Manhattan, New York City. April 11, 2021
Dear Elon Musk,
My first car was a Triumph. A British made car. I remembered it so well because it used to break down a lot. You fix one thing today, then pops up another apart, requiring either a full replacement with the same, a fine tuning or a removal — which then allows you to sort out an ingenious way of coming up with a generic replacement that would do the same, but most of the time better than what came from factory.
Good thing about this is, within a very short time, not only did I garner a lot of knowledge about this type of vehicles, it’s variants, their behaviors, and their penchant to break down for one reason or the other when put through different seasons, in comparison to other vehicles — British, German, Italian, American and British, it also enrich me with a lot of new social contacts.
Some in these list of contacts were professional mechanics with garages, spare parts dealers, electricians, heaters and air conditioning installers, car body shop and detailing specialists. But what surprised me the most was that a huge number of people on this list of contacts were mostly part timers and hobbyists. These hobbyists are people who have gone through the experience of having a similar car as their first or second vehicle, and are willing to share experiences to fix things, or help and point in the right direction — if and whenever I come up with something that requires a specialist job.
Compare to now, where we have social media, then, there was no social media platform or search engine other than yellow pages — where you can go to get an almost similar experience. These people as at that time, were my social contacts. And the vehicle was my means of getting to know these people, their number, their address, what interests them, what they can offer and what they can not.
Point I’m trying to draw from this experience is, British vehicles as at that time might have had a reputation for not being reliable and breaking down more often, but there is a reason behind adopting such a doctrine. And that reason is the need to allow people to interact socially about this product, share experiences, and gain new skills that could be socially useful for the person, his neighbor and others — wherever he/she ended up.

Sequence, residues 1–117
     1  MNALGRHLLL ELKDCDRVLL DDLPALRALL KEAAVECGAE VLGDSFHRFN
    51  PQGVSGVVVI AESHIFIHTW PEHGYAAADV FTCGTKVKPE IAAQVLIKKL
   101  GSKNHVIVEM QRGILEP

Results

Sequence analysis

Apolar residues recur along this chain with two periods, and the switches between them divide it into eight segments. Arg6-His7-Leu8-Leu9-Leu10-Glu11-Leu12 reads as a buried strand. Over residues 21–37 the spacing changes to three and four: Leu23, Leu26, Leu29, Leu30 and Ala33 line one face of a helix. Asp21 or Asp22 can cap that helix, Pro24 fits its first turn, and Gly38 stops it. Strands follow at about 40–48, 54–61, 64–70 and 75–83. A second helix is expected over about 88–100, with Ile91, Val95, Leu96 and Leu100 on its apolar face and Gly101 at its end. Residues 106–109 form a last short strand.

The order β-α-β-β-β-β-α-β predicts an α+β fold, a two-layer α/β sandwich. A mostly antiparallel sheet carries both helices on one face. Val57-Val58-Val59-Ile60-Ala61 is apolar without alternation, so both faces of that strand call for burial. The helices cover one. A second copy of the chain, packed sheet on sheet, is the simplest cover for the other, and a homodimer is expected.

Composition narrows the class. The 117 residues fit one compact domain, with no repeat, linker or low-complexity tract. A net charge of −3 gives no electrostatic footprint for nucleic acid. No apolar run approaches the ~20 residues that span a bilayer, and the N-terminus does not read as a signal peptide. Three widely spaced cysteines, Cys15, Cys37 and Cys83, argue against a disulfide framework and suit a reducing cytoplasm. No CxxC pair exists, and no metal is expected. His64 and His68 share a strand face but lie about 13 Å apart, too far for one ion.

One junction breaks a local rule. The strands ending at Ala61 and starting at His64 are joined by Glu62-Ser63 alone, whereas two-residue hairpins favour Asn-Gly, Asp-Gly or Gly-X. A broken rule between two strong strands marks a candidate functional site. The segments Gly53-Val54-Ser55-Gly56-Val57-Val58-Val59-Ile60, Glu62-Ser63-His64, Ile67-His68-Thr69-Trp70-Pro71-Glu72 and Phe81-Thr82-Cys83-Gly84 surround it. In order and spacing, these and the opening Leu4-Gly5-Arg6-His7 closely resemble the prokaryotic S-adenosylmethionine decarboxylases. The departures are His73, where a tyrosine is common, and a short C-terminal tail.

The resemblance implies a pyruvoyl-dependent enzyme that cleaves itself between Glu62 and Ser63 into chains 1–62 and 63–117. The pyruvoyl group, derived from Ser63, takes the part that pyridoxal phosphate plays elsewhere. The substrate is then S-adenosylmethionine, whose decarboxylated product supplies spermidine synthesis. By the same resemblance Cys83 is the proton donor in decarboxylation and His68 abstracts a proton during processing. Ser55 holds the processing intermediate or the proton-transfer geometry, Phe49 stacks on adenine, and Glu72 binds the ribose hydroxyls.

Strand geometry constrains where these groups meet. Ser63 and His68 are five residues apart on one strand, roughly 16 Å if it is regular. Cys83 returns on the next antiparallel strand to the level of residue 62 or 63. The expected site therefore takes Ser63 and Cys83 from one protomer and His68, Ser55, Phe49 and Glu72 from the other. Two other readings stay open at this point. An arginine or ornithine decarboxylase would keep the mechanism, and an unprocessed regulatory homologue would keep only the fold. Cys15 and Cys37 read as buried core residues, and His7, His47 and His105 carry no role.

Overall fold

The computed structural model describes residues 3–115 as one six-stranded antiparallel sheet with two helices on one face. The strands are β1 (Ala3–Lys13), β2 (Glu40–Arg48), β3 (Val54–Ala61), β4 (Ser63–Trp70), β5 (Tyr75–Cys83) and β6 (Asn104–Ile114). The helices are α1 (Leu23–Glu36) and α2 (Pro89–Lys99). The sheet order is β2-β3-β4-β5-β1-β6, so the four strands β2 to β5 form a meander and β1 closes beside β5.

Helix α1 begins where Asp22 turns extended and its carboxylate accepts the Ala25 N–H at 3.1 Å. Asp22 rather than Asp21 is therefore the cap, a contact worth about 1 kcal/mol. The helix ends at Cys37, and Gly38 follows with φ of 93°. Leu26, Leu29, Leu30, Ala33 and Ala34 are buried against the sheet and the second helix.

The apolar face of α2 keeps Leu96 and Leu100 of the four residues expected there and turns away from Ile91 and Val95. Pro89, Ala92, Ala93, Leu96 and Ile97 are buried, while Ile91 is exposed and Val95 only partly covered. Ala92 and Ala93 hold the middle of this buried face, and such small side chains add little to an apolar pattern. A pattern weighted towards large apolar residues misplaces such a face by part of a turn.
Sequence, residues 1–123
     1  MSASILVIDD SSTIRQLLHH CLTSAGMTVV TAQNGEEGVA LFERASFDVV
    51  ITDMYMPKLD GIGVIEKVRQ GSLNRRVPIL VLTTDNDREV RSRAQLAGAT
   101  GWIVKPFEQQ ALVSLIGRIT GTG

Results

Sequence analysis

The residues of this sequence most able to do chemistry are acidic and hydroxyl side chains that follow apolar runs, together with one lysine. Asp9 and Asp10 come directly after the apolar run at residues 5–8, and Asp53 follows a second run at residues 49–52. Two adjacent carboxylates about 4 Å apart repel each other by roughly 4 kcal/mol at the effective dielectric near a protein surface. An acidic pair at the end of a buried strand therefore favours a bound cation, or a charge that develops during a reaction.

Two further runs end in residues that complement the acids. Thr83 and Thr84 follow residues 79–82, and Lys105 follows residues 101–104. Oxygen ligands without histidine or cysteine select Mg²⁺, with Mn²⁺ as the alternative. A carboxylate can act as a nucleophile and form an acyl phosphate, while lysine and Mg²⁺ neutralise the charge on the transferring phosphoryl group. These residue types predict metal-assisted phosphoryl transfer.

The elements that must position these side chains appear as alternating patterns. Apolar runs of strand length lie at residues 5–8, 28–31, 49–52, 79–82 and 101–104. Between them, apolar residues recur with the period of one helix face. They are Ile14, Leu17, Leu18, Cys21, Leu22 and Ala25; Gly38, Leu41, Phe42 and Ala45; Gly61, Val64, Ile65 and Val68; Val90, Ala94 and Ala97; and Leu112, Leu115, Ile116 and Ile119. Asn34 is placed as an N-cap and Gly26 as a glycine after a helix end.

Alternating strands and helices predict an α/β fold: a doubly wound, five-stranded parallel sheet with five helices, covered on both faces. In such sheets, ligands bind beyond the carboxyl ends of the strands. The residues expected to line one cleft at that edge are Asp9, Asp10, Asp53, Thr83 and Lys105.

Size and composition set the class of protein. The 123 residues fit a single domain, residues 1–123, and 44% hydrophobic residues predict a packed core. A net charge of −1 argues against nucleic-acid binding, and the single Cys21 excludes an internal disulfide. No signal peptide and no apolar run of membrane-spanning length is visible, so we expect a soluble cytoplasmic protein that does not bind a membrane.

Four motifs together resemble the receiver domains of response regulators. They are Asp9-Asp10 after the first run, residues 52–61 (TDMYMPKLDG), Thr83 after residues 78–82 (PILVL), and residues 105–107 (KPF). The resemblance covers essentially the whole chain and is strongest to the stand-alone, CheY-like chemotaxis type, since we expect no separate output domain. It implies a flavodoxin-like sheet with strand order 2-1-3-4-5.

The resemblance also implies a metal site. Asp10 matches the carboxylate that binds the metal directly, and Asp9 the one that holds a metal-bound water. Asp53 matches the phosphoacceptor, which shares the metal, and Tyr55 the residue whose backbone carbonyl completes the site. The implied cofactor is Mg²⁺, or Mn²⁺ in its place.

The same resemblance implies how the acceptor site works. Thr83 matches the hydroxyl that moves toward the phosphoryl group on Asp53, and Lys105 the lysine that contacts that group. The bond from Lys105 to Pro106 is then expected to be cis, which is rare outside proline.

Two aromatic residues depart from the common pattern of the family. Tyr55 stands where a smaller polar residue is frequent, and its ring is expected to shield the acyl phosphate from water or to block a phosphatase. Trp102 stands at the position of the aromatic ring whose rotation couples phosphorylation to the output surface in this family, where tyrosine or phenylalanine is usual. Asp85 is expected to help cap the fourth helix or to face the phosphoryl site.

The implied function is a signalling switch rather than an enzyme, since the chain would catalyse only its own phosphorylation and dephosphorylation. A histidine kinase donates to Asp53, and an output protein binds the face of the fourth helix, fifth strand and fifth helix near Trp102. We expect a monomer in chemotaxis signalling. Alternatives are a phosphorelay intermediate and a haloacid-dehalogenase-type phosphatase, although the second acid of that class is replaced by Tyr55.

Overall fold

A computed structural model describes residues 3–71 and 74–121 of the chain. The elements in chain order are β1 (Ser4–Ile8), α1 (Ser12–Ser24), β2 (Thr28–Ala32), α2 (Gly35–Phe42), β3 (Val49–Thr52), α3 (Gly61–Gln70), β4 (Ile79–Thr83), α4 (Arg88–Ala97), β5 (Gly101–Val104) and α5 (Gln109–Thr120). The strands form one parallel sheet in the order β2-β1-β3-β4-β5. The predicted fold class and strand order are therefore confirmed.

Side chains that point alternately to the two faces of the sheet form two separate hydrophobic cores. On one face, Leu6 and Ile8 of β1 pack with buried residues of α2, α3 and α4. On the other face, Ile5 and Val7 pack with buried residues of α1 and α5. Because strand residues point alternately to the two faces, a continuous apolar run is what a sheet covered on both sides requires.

If my vehicle had been German or Japanese, I would have had a perfect car that runs flawlessly, doesn’t break down at every sharp bend, and would not have been able to meet the people I met, patronize the garages — the professional mechanics, the body shop walkers, the car electricians, talk less of building those social contacts. In short, I would have known next to nothing about vehicles and wouldn’t have had a clue about what to do to avoid something as simple as the cause of overheating.
Today, we have Tesla — an artificial intel powered electric car that runs perfectly. Unlike Triumph, it doesn’t break down at any given opportunity. But like Triumph — if it breaks down or you run into something, it cannot fix itself, and neither can you, your next door neighbor.
And since all garages, tire repair shops and car body shops have all closed down because a company like Tesla has a monopoly on everything to do with their brand, you have no option than to go back to Tesla every single time a pigeon poops on your Tesla.
Now, not only has that social interaction I gained from owning a Triumph gone, so also are the specialist jobs in local mechanic and car detailing garages as well as the type of technical knowledge about vehicles and fixing different aspects of vehicles parts gone from our local economy for ever.
Sad thing is, we as tax payers are still being asked to foot the bill for keeping these new type of AI driven companies afloat.
I like Tesla and I love their series of electric vehicles. But as a New York city mayoral candidate, I want a city that will not focus on service and banking alone. No. It is my wish to bring back technical education into our schools, bring them up to par with AI and core learning variants, and bring those car and tire repair shop jobs back to the city.
Therefore, if Tesla is to continue running in our city, I’d love some compromise for small businesses and specialist vehicle repair shops and garages in and around the city of New York from Tesla. I’d love New York city mechanics and car body shop workers to be able to repair — from ground up, sell parts, program and dispose off, any of Tesla’s electric vehicle series.
I’d create a law to back this up, and a regulation to restrict the garages, so Tesla is not only protected from it’s IP, but also covered from any type of property abuse and internal AI infringement.
Thank you Elon Musk.
Abbey Laurel-Smith (SmithieForMayor NYC 2021)